Stopping the Combine takes the player through City 17 and the surrounding area. While each chapter features plenty of shooting, it's the situations you are put in that keeps the adventure varied. You'll trek across the countryside in a hovercraft, run from head crab zombies in Ravenholm, and decimate forces with your supercharged gravity gun. While Half-Life pitted you against alien and human threats, Half-Life 2's foes are predominantly the Combine. A couple of chapters focus on other threats, like antlions or head crab zombies, but these are detours at best.
The insect-like antlions become a temporary ally after you acquire bait, which you can use to command the creatures to attack a designated target. At a certain point, antlions disappear, as does the item's usefulness. As for head crab zombies, they appear every once in a while before and after you traverse through Ravenholm. Ravenholm is a ghost town populated with people turned head crab puppets. A couple of variants are introduced in this section, like fast-moving leapers and poison head crabs, which will reduce your health to one, requiring the HEV suit to heal you. Despite this, the Combine is an ever-present threat.
You start off facing low-level security guards and other personnel before moving on to stronger variants equipped with heavy assault rifles or shotguns. The Combine aren't as reliant on booby-traps as the special forces from Half-Life, but they do put up a decent fight. They take cover, try to flank Gordon, or use grenades to flush him out. In the chapter "Highway 17," it's possible to be ambushed by the Combine if you go off the beaten path. At certain points, you will encounter gunships and striders, which double as boss encounters.
Striders are tough, especially when you have to fight two of them while in a collapsed building.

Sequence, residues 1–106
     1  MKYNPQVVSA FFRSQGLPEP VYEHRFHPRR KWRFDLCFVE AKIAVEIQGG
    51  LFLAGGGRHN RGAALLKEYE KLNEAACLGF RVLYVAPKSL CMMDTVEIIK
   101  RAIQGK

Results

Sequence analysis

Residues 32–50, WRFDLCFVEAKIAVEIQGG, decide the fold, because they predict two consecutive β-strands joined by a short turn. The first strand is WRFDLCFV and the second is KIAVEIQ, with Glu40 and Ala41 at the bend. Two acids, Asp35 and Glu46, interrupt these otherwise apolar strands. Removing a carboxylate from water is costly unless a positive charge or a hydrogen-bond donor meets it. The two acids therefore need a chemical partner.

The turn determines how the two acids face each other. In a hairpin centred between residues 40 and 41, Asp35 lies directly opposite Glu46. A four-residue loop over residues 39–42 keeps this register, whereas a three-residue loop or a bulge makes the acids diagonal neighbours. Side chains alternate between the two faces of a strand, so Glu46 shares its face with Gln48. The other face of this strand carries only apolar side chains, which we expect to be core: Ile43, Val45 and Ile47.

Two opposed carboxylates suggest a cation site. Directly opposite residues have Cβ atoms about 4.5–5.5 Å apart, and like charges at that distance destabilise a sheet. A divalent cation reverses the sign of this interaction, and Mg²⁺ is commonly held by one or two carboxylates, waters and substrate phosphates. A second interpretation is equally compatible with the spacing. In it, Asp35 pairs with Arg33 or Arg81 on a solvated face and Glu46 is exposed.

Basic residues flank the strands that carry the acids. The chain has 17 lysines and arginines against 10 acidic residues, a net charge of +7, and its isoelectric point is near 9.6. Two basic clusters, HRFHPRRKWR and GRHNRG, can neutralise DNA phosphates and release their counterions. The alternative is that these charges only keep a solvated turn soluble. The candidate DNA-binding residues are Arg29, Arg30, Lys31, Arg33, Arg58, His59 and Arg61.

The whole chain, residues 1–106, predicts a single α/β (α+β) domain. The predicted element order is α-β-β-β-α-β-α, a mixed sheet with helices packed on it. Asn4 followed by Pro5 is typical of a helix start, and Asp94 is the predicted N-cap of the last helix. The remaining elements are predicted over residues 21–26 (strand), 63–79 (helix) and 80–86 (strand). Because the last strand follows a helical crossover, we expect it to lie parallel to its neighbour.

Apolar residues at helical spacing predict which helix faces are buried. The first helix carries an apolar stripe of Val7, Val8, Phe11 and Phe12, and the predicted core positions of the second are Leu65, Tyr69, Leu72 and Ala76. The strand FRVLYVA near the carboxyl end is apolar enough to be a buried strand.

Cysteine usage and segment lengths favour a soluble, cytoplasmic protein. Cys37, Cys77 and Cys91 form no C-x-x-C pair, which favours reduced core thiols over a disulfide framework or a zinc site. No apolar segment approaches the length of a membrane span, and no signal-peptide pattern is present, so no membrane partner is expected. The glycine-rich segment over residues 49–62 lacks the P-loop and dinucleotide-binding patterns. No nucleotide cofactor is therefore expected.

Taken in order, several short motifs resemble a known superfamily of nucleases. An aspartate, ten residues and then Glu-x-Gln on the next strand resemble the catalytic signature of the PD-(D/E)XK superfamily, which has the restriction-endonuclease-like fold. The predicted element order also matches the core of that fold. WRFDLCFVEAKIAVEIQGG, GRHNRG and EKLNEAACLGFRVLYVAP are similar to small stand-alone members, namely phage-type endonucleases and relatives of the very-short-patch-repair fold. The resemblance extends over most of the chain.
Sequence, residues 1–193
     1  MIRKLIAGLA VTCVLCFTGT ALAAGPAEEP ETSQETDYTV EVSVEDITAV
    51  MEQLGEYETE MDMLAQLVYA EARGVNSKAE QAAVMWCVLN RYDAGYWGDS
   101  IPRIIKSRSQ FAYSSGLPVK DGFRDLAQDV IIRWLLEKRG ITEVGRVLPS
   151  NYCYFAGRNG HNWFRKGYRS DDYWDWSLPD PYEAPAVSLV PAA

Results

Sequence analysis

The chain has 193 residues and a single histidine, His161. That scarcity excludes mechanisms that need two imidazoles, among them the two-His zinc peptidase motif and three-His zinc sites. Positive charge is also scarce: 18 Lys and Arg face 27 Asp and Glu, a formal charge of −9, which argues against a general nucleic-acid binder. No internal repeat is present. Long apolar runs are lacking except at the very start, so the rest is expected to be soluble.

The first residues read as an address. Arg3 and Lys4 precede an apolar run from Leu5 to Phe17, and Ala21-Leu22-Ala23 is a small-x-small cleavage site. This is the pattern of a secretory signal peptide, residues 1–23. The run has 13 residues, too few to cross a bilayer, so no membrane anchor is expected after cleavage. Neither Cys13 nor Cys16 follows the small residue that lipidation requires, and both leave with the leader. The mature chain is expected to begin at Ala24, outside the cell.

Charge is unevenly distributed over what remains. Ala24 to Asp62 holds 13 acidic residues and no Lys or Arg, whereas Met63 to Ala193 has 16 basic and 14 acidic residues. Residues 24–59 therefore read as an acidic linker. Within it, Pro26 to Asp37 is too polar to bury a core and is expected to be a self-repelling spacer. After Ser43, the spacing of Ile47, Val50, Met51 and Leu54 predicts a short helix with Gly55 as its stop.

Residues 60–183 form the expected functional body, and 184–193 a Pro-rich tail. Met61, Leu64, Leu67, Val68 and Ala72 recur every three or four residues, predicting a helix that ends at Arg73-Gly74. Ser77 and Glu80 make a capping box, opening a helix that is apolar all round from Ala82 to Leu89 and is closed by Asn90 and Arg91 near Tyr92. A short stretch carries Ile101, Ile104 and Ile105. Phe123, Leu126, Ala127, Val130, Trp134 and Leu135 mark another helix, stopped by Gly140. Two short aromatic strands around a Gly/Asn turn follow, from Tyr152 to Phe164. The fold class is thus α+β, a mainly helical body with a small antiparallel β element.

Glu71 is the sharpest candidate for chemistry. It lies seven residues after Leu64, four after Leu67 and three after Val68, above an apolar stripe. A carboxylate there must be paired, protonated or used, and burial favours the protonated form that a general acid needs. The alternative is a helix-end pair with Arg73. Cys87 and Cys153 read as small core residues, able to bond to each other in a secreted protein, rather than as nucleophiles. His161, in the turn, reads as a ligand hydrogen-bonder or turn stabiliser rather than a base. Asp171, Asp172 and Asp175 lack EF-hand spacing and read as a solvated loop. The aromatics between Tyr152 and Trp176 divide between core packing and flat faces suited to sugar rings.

Gunships and striders require rockets to take down; however, gunships will try to shoot down rockets. Striders use their long legs to bob and weave around your gunfire. Striders are the tougher of the two since their weapons can tear through your health and armor quickly if you're stuck in the open. On the whole, the combat is good, but it could have benefitted from some added enemy variety. Once you've fought one Combine soldier, you've fought them all. At least Half-Life 2's episodes fix this problem.
A lack of enemy variety is not the only inconvenience. The vehicle sections break up the shooting and offer plenty of high-speed thrills, but the stiff controls make them a hassle to drive, on consoles, at least. About 3/4ths of the way through the game you get the ability to command squad mates, a cool concept, but they aren't the brightest bunch and love to obstruct your path, especially in tight corridors. Such complaints are minor when you consider how great the whole game is.
It says something when a game from 2004 looks as good if not better than a lot of games that come out today. Jokes aside, this is an excellent-looking game, regardless if you play it on console or a computer. Where the visuals shine the most is in the characters. The facial animations are impressive and go a long way to keep you invested in the story. Some of the environmental textures look basic and there is a brief but noticeable frame rate dip when you hit a loading spot, but its never anything too glaring.
The physics are remarkable. Everything has a proper amount of weight and momentum. The physics aren't too exaggerated, nor are they steeped too far into realism, and the results are satisfactory. Watching a Combine goon tumble off a building or go flying from an explosion never gets old.
Nova Prospeckt has a bug problem.
Complimenting the stellar visuals is superb sound design. What I liked most about the sound design was the game's use of sound effects. Little things like using a health charging station or hearing bullets land on the ground when you fire a gun really add to the sound design. Voice acting is great and the electronic score, though minimal, kicks in at the right moments to intensify the situation.
Games are great for different reasons. Sometimes, a game is good because of its story, sometimes its the gameplay. Half-Life 2 is one of a handful of games where every aspect comes together to make for an excellent package. It's not perfect, no game ever is, but it's a game that delivers on all fronts, never sacrificing anything to keep the vision intact. The story keeps you engaged just as much as the shooting does, and the gameplay is varied enough that the shooting doesn't become tedious, even though fighting the Combine becomes a bit repetitive. Half-Life remains one of the genre's best for a good reason, there's nothing quite like it.
FINAL SCORE: 9/10